A number of factors, including cost, safety, and the environment, are motivating the change to on-site gas generators. The lower maintenance demand of gas generators versus gas cylinders is another key reason why so many labs are eager to get themselves set up with an on-site gas solution.
Cylinder maintenance woes
“Gas cylinders require regular and pretty in-depth maintenance,” says Kevin Garell, service and operations manager for North America at Peak Scientific (Inchinnan, UK).
According to John Speranza, vice president of commercial product sales at Proton OnSite (Wallingford, CT), the high maintenance demands of a gas cylinder come down to the fact that cylinders have a finite supply of gas. “A cylinder with a limited supply of gas to support a process or an instrument in a laboratory needs to be monitored and tracked, replacement gas needs to be ordered, the gas needs to be received by someone, and then it needs to be moved and installed in the laboratory space,” he says. Additionally, Garell notes that each cylinder requires a gas regulator, which must be inspected annually and should be replaced every five years.
Along with requiring time and logistical planning, the maintenance cycle of a gas cylinder can also impact the purity of the gas and the safety of lab personnel. Whenever the cylinder is disconnected, humidity, air gases, and any other impurities in the surrounding environment can enter the piping, Speranza explains. He adds that the use of compression fittings means two metals are being crushed together and creating particulates that end up in the gas supply.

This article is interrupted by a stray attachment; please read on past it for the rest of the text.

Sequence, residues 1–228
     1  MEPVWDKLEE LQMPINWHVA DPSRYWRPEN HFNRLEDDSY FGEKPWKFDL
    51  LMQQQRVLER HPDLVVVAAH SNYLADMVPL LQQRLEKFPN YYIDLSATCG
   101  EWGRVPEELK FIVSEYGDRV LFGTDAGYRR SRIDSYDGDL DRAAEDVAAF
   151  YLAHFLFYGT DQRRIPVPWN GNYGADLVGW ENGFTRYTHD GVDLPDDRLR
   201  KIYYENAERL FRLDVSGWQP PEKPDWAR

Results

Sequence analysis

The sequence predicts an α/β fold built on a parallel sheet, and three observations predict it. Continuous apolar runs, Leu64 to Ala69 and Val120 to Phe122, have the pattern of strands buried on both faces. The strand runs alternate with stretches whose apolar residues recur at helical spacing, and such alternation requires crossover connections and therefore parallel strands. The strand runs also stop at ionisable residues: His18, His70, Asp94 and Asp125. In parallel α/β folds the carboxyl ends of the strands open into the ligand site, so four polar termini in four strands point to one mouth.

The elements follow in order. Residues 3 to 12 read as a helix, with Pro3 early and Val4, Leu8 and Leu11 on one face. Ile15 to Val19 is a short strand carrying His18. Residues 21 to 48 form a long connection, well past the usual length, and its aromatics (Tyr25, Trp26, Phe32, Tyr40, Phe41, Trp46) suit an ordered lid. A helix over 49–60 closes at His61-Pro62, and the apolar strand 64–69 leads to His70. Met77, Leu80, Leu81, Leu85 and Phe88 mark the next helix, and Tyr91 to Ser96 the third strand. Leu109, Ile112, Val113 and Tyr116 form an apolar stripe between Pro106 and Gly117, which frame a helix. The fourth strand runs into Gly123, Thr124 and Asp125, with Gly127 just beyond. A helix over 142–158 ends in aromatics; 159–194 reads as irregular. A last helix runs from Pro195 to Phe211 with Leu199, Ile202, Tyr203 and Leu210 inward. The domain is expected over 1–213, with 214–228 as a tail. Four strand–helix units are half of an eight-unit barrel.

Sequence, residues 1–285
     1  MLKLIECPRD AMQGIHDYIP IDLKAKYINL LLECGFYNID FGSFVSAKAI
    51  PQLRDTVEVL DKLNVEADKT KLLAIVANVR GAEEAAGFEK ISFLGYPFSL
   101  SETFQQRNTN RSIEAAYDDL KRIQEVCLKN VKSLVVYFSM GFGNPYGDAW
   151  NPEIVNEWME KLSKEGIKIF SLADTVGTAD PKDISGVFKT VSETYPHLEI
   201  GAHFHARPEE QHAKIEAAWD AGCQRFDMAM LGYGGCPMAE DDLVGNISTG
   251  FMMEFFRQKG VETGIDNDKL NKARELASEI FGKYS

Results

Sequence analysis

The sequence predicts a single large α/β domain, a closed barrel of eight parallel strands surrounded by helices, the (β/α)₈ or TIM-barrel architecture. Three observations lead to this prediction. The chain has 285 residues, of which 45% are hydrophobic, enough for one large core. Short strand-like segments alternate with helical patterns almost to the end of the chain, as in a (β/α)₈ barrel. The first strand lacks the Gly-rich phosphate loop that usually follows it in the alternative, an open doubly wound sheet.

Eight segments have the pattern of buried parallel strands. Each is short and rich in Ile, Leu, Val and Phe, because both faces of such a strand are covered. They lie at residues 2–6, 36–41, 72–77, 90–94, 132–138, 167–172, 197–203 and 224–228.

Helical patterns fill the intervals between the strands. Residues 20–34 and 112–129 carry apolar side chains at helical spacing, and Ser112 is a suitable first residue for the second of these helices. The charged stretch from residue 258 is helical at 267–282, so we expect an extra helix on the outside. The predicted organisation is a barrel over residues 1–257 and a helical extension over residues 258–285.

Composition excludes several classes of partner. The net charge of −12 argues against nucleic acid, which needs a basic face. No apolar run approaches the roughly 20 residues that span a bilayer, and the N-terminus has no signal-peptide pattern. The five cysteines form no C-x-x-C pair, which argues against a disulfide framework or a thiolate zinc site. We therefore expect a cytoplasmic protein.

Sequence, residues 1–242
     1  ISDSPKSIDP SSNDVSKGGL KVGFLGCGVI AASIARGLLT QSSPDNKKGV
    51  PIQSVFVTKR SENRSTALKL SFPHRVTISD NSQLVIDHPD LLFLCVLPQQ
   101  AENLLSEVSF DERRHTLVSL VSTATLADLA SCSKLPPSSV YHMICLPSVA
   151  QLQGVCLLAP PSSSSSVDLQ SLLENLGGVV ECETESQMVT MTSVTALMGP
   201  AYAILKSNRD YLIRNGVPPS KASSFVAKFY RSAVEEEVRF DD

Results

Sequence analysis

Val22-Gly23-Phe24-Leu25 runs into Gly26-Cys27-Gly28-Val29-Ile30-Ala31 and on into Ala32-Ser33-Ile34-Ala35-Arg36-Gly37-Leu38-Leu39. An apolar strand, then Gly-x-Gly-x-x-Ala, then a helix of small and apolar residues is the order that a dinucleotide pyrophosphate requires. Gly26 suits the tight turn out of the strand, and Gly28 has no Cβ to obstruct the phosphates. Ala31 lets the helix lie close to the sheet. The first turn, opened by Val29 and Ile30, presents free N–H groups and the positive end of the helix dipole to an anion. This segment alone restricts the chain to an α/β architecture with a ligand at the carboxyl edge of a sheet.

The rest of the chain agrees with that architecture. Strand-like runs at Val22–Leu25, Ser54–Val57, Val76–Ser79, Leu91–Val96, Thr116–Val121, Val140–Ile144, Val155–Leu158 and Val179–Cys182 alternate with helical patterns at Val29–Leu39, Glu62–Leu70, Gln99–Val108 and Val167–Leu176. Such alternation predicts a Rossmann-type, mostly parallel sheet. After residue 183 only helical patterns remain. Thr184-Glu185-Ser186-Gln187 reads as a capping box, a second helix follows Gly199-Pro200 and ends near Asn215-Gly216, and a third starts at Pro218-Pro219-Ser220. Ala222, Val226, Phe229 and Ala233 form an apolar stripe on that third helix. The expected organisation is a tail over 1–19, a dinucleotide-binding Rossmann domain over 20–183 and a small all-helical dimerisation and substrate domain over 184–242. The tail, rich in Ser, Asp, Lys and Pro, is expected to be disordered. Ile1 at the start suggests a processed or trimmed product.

Simply moving around a heavy cylinder filled with flammable gas is a considerable safety hazard, especially given the fact that the task typically gets relegated to graduate students or research scientists who might not have received sufficient safety training.
Gas generators keep it simple
A gas generator, on the other hand, requires far less maintenance and avoids many of the safety and gas purity issues associated with maintaining a cylinder. An annual preventive maintenance procedure is normally sufficient for a gas generator, says Garell. He recommends that users conduct all regular maintenance outlined in the user manual for their particular gas generator. As for other general maintenance tips, Garell says, “For hydrogen, you want to use high-quality deionized water … using anything of lower quality could potentially damage the machine.” Additionally, he advises users to ensure that their generator is exposed to the right environmental conditions: temperature below 35 degrees Celsius and humidity below 80 percent.
Speranza also refers to an annual preventive maintenance cycle for gas generators, which consists mainly of changing air filters, if it’s a nitrogen or zero air gas generator, or changing water filters or gas filters in the case of a hydrogen gas generator. “The maintenance cycle, no matter how big the unit is or what gas it’s producing, is roughly one or two hours on an annual basis,” he says.
No time? No problem
Lab members can perform their own maintenance, but both Peak Scientific and Proton OnSite offer maintenance contracts. “We organize it, we schedule it at a time that’s convenient for you … you don’t have to worry about anything other than scheduling the downtime of the system,” says Garell of Peak Scientific’s Fixed Price Preventative Maintenance plan.
Similarly, Proton OnSite’s Proton Care is a “bumper-tobumper maintenance and repair program,” says Speranza. The program includes an annual maintenance visit by a Proton-certified service provider and all parts and labor for that visit, as well as an extension of the warranty.
Whether users take care of their own maintenance or outsource it, gas generators offer more tangible benefits than gas cylinders in terms of ease of maintenance.
For additional resources on gas generators, including useful articles and a list of manufacturers, visit www.labmanager.com/gas-generators
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